Home Men Health Highly processed foods contribute to poor eating regimen quality amongst Japanese adults

Highly processed foods contribute to poor eating regimen quality amongst Japanese adults

Highly processed foods contribute to poor eating regimen quality amongst Japanese adults

In a recent study published within the journal Public Health Nutrition, researchers explore the intake of highly processed foods (HPF) with respect to overall eating regimen quality.

Study: Consumption of highly processed foods in relation to overall eating regimen quality amongst Japanese adults: A nationwide study. Image Credit: Ilia Nesolenyi / Shutterstock.com

What are HPFs?

Over the past several years, various epidemiological studies have explored the health outcomes related to HPF consumption. Meta-analysis data indicate that HPF intake is linked to being chubby or obese, in addition to the event of heart disease, metabolic syndrome, cerebrovascular disease, depression, and death.

As in comparison with non-HPFs, HPFs are related to an unhealthy nutrition profile resulting from their higher total fat, trans fat, saturated fat, sodium, and free sugar content, together with their lower protein, vitamin, fiber, and mineral content. Thus, the consumption of HPFs, particularly in high amounts, may reduce eating regimen quality.

In regards to the study

In the current study, researchers assess the association between HPF intake and eating regimen quality amongst Japanese adults.

Food plan-related information from a nationwide survey performed from February to March 2013 was used for the present evaluation. A complete of 388 people, which included 196 and 192 men and ladies, respectively, participated from different Japanese regions.

A four-day dietary record (DR) was used to acquire information on the participants’ dietary habits. Participants were asked to document all the pieces they ate and drank on 4 consecutive days, which involved weighing all food and drinks through the study period.

The names of the dishes, whether the dishes were made at home, away from home, or elsewhere, the names of the ingredients present in the dishes, and estimated amounts or weights of the foods that were eaten were also recorded.

Using the University of North Carolina at Chapel Hill (UNC) method, all foods mentioned within the DR were categorized as minimally processed or unprocessed, basic processed, moderately processed, and highly processed. The Standard Tables of Food Composition in Japan (STFCJ) was used to find out how much energy and nutrients everyone consumed over 4 days based on the nutrient value and weight of every food item.


The typical age of the study cohort was 44.5 years, whereas their average body mass index (BMI) was 23.3 kg/m2. When dishes made away from home were broken down by food group, cereals and starchy foods were the largest contributors to overall energy consumption from HPFs, followed by fish, meat, eggs, sweets, fats and oils, and alcoholic drinks. When food-level grouping was used, these food groups were in the highest five of the very best energy consumers.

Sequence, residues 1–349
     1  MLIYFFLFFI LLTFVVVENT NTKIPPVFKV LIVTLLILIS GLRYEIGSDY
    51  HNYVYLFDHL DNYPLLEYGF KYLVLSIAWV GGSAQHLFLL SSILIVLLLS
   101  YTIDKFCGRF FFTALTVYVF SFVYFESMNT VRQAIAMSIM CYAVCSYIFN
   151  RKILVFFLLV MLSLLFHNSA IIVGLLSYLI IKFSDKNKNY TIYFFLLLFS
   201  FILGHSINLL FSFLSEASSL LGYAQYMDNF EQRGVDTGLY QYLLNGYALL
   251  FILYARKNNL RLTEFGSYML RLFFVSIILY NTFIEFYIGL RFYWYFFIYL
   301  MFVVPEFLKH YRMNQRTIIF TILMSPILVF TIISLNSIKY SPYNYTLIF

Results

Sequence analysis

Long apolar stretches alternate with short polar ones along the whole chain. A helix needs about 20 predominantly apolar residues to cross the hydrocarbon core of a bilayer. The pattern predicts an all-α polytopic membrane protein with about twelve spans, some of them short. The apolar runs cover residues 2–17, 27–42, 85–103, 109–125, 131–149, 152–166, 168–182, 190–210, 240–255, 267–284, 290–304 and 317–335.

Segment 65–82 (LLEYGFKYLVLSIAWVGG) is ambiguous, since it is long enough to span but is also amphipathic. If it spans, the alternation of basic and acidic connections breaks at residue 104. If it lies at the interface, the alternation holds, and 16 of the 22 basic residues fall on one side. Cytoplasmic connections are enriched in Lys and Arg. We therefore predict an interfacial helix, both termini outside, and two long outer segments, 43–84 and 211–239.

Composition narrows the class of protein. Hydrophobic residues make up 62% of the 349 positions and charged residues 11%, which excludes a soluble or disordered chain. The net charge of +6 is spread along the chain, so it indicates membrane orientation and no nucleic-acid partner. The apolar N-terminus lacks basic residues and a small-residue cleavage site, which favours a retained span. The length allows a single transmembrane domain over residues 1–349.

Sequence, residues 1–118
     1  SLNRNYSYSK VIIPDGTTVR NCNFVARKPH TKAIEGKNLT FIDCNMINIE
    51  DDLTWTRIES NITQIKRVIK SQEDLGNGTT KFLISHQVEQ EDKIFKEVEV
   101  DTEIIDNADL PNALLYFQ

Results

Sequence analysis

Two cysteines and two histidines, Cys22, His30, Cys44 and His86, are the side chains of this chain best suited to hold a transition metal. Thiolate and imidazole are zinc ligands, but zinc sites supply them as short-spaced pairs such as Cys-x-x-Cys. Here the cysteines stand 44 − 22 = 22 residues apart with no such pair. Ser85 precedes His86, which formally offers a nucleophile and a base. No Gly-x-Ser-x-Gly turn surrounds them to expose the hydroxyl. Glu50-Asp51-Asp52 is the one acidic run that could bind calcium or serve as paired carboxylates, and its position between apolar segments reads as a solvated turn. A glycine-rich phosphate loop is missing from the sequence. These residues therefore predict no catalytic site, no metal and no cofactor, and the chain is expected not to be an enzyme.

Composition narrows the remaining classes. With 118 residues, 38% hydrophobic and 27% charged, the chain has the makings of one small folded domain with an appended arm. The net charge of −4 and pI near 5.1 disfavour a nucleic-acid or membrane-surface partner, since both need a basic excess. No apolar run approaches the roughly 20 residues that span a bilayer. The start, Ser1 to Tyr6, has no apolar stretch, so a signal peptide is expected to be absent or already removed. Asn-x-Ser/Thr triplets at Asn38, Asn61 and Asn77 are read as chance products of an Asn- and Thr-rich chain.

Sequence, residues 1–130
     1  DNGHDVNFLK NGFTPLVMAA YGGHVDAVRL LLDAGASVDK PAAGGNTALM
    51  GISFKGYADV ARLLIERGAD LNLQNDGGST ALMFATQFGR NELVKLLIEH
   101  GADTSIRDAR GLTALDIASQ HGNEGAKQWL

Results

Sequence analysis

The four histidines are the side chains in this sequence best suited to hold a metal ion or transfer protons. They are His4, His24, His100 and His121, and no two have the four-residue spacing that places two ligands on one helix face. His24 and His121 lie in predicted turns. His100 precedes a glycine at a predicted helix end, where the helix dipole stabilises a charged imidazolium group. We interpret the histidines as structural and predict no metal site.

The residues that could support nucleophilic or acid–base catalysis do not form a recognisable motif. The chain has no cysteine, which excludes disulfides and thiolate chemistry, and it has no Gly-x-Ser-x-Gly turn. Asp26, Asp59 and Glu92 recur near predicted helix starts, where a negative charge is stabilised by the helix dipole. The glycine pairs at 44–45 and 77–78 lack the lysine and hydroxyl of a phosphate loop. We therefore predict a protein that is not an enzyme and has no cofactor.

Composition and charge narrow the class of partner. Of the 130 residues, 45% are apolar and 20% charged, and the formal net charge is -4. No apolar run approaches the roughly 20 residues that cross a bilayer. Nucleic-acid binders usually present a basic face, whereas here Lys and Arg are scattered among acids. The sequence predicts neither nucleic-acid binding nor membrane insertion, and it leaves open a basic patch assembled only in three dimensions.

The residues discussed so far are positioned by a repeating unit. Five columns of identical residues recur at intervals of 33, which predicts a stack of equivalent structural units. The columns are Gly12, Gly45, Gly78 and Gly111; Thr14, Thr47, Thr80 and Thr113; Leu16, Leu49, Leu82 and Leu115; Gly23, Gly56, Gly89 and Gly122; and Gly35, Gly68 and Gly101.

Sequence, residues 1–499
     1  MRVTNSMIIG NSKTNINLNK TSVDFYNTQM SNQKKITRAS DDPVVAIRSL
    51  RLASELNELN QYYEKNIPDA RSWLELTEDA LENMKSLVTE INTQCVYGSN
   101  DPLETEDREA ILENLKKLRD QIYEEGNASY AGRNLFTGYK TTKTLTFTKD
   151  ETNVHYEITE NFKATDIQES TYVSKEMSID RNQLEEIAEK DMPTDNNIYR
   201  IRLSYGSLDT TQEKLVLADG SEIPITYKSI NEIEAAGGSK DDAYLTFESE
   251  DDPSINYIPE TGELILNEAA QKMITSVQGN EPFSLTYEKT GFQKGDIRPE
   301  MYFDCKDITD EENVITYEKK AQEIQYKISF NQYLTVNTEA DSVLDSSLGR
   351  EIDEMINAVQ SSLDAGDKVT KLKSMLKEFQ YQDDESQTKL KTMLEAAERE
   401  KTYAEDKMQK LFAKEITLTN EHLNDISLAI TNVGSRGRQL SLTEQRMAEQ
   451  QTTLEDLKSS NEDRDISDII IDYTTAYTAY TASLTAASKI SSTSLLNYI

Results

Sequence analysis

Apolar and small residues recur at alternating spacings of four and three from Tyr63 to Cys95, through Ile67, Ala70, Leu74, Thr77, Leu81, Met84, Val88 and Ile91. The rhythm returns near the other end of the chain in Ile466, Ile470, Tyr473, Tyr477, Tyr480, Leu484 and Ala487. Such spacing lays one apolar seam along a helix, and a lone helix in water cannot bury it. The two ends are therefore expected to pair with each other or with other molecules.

When meals made away from home were put within the dish category as an alternative of the food category, they contributed far more energy. Comparatively, for unprocessed or minimally processed, basic processed, and moderately processed foods, the dish-level classification provided much smaller estimates of energy contributions as in comparison with the food-level classification. There was a robust link between the energy contributions of foods in each processing group on the dish and food level.

The typical amount of energy consumed didn’t change between tertile groups; nonetheless, the typical amount of some food groups modified. For instance, people in higher tertiles ate fewer cereals and starchy foods, vegetables, fruits, pulses, fish, meat, and eggs, but more sweets, alcoholic drinks, seasonings and spices, and oils and fats.

The typical Healthy Eating Index-2015 (HEI-2015) rating was 51.1, whereas the typical Nutrient-Wealthy Food Index 9.3 (NRF9.3) rating was 621.9.

For dish- and food-level classifications, participants in the upper tertiles of energy input of HPFs exhibited reduced HEI-2015 component and total scores with respect to total vegetables, beans, greens, added sugars, added sugars, and total protein foods, and better scores for refined grains. Moreover, when dish-level categorization was used, only those in the highest tertiles had a lower rating for saturated fat.


About one-third of all energy that was consumed by the study participants was provided by HPFs. Importantly, the upper amount of energy in HPFs was linked to a lower quality eating regimen, no matter whether dishes made away from home were sorted into their individual ingredients before being grouped by the extent of food preparation.

These findings indicate that reducing the consumption of HPFs may very well be an efficient public health technique to improve the standard of diets. Nevertheless, more research is required to develop effective programs and policies to enhance the standard of the Japanese eating regimen in relation to HPF reduction.

Journal reference:

  • Shinozaki, N., Murakami, K., Asakura, K., et al. (2023). Consumption of highly processed foods in relation to overall eating regimen quality amongst Japanese adults: A nationwide study. Public Health Nutrition; 1-33. doi:10.1017/S1368980023000721


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